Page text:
Commentary by Al Jones
Editors Note: NSSF recently released their USITC Firearms and Ammuntion Import & Export Data Reports for May 2012, please view the links below for complete data.
USA –-(Ammoland.com)- It’s a booming time for gun sales in the USA, with significant growth since about 2005, but given the reduction in both military and military contractors, law enforcement agency budgets, compounded by lower consumer confidence/purchasing power it’s puzzling what the latest firearms importation figures show.
Recent NSSF reports comparing year to year numbers through May 2012 show 92,000 more pistols were imported to the U.S. for a 68% jump over the previous year, while revolver imports jumped 126% or about 17,000 more revolvers. Much of that is probably strong Springfield XD/XDM sales (Croatia-made), Glocks (Austria), SigSauers (Switzerland), Berettas (Italy), and FNH Browning 5.7’s.
While the Europeans make it difficult generally for civilian consumers to own pistols they certainly are enthusiastic about the jobs and tax revenues for manufacturing them for export.
The revolver jump is probably mostly attributable to Taurus Judge revolvers (Brazil) and perhaps the new Chiappa revolver with the barrel attached to the bottom chamber of the cylinder for superior ergonomics.
On a positive sign for exports, America’s handgun sales outside the U.S. jumped 115% or about 25,000 units (so we shipped out 44,000 and shipped in 257,000 which sounds like “free trade” to me.) Semi-auto pistols were most of that jump, most likely Smith & Wesson and Ruger as sales of their new models have been impressive, and don’t forget that no one makes as many variations of John Browning’s 1911 .45acp pistol as America does. On a disappointing note, only 2200 American revolvers shipped out of the U.S. which given the many models marketed by Ruger, S&W, Colt, USFA, and Freedom Arms, it is sad that many of the revolvers that sound like they’re U.S.-made are made in Italy, Germany, or Brazil.
Rifle imports jumped 143% from 40,000 to 97,000 compared to last year.
While fine traditional hunting rifles continue to be made across Europe, it’s likely much of this import number was CZ-USA and Tikka bolt action rifles or semi-automatic rifles like those from SigSauer (Swiss) FNH SCAR (Belgium), Heckler & Koch (Germany), Steyr-AUG (Austria) and Kalashnikovs.
Unless, it was all 1891 Moisin Nagants (Belgian designed, Soviet, Winchester, and Remington-made) which it could well have been for how well these cheap, accurate, reliable loss-leaders have been selling from Cabela’s to very small dealer’s racks. Not sure if the Moisins got counted in this or not. As the State Department was fretting over bringing back 90,000 American-made Garand rifles from South Korean military armories for civilian sales and that’s equivalent to ONE MONTH’s import of comparatively expensive rifles with comparable or superior performance,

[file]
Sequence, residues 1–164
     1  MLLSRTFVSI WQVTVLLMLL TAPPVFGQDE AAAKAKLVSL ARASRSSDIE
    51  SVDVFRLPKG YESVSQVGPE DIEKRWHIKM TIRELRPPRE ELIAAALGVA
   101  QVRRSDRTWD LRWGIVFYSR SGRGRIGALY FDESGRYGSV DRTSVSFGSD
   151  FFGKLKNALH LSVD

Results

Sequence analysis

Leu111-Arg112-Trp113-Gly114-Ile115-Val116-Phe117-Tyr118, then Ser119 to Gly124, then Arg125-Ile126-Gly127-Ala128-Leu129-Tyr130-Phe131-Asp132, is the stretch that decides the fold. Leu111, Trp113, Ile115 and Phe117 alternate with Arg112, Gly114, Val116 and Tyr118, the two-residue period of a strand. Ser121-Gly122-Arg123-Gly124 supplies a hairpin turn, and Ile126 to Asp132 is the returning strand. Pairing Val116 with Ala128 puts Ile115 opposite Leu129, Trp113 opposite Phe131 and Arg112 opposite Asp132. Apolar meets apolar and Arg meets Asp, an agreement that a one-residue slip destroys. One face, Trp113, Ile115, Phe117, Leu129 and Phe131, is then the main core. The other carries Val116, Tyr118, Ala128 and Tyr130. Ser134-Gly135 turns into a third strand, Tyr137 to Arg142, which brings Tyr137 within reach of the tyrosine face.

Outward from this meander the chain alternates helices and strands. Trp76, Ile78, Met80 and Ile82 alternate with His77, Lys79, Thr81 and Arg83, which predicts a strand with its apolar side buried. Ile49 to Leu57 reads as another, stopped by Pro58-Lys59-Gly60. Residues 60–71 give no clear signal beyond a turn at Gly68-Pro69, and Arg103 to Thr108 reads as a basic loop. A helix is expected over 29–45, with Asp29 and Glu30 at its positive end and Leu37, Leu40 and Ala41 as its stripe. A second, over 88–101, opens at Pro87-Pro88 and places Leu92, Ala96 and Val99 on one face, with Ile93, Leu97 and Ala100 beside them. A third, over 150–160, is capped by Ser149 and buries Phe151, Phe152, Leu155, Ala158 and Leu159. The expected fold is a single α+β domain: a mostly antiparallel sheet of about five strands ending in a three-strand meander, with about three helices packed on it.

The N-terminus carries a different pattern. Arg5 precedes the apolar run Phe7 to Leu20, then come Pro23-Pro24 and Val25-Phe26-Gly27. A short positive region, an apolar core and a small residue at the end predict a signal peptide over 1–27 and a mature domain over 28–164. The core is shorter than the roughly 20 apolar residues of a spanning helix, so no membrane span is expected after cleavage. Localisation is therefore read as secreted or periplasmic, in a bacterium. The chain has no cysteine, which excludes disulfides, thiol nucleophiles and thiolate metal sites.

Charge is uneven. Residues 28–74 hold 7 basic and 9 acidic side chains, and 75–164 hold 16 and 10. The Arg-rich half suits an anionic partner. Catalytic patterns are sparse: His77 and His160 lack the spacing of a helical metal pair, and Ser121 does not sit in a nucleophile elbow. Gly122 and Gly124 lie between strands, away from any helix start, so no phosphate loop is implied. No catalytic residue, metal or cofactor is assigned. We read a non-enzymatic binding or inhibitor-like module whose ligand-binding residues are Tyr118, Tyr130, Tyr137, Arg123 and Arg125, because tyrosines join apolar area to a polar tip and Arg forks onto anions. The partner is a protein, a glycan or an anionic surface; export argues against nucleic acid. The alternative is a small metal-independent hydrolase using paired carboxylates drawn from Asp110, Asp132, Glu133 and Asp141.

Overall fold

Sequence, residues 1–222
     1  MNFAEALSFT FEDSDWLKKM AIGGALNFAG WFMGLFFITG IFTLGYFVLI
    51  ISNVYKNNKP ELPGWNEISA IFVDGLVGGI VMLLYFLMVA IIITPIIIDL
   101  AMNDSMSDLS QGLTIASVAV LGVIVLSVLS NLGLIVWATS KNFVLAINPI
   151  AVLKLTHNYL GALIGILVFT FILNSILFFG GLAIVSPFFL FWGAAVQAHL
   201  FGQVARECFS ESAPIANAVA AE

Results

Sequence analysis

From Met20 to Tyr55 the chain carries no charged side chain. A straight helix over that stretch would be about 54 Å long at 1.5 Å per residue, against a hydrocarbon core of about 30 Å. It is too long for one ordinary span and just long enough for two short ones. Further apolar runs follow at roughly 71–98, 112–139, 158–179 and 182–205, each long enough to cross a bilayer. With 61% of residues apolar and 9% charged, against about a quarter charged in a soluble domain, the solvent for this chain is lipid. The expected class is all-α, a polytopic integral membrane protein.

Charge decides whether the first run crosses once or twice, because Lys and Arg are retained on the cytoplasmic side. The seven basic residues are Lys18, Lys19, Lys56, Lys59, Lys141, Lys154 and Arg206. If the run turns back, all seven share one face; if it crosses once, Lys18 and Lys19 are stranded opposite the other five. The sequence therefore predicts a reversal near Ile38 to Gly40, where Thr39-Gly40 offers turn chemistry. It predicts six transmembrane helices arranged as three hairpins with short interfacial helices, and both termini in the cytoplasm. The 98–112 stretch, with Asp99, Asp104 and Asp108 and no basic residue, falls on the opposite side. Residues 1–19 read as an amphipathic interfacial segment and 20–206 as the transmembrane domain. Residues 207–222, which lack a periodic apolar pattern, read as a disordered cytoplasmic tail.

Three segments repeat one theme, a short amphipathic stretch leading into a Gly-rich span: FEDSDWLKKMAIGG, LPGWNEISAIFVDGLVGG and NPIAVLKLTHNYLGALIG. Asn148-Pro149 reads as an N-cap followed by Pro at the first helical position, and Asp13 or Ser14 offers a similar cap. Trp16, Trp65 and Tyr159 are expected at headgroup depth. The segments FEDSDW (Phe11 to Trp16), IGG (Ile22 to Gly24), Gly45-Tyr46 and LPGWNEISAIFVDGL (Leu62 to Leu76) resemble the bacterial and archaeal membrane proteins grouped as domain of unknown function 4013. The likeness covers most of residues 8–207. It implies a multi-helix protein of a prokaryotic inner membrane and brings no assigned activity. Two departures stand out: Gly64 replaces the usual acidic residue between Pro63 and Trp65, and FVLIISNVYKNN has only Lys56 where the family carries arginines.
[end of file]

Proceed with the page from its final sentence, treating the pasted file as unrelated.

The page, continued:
Federal government thinking remains elusive since they handle the permits for all small arms going in and out, from shiploads of free machine guns for our “allies” in Pakistan to high end African big game rifles.
Rifle exports were up 27% but that’s just 6,700 more rifles than the 24,000 last May 2011. Given that most civilian rifle manufacturing of all types remains concentrated in the U.S., it suggests just how small and difficult to reach the rest of the world’s civilian rifle market is. Overseas dealers tell me, the lack of hunting access and shooting ranges constrains the international recreational target shooting markets.
Shotgun imports continue to decline with 52,000 coming in and 15,000 going out. The basic consumer shotguns remain the cheapest long guns. Turkey, Croatia, Russia, and China are making increasing numbers of American brands and their own brands of shotguns. Whether the adaptation of the Kalashnikov to shotgun shells, as seen by Saiga, or the Marlin lever-action rifle design to .410, as seen by Taurus, will revive this category, like home defense short-barrel/long-magazine shotguns have in the past 20 years, remains to be seen?
Shotgun shells came in nearly 30% higher in imports and in exports so apparently either a lot more clay pigeons are dying out there or shooters are stocking up on shells beyond the occasional box or two. Shotgun ammunition or shotshells are little affected by the shortages in rifle and handgun ammunition since it’s made on different production lines.
With shotguns, heavily recommended for anti-zombie defense, sales could really pick up after “World War Z” comes out next year starring Brad Pitt and written by Mel Brooks’ son. Movies have more influence on which guns sell than politicians.
Cartridge imports were up 39% from 170 million units to 237 million units (I don’t know if that’s individual rounds or boxes of 20/50 rounds?) European ammunition manufacturers Sellier & Bellot, Fiocchi, Wolf, Tula, etc. really gained a lot of shelf space during the ammunition shortages the past few years while South Korean PMC has broadened from military rounds to many more civilian rounds and regained a lot of shelf space. We exported 63 million units, down a bit.
The U.S. is the biggest civilian ammunition market, so exporting isn’t that attractive or there weren’t many spare boxes to sell.
For a look at the raw data visit the links below:
About Al Jones
Al Jones has worked with many parts of Shooting Sports and other industries over 30 years as a management team member or advisor on buisness growth. He can be found on LinkedIn, email at [email protected], or on his blog is www.aljonesbusinessgrowth.com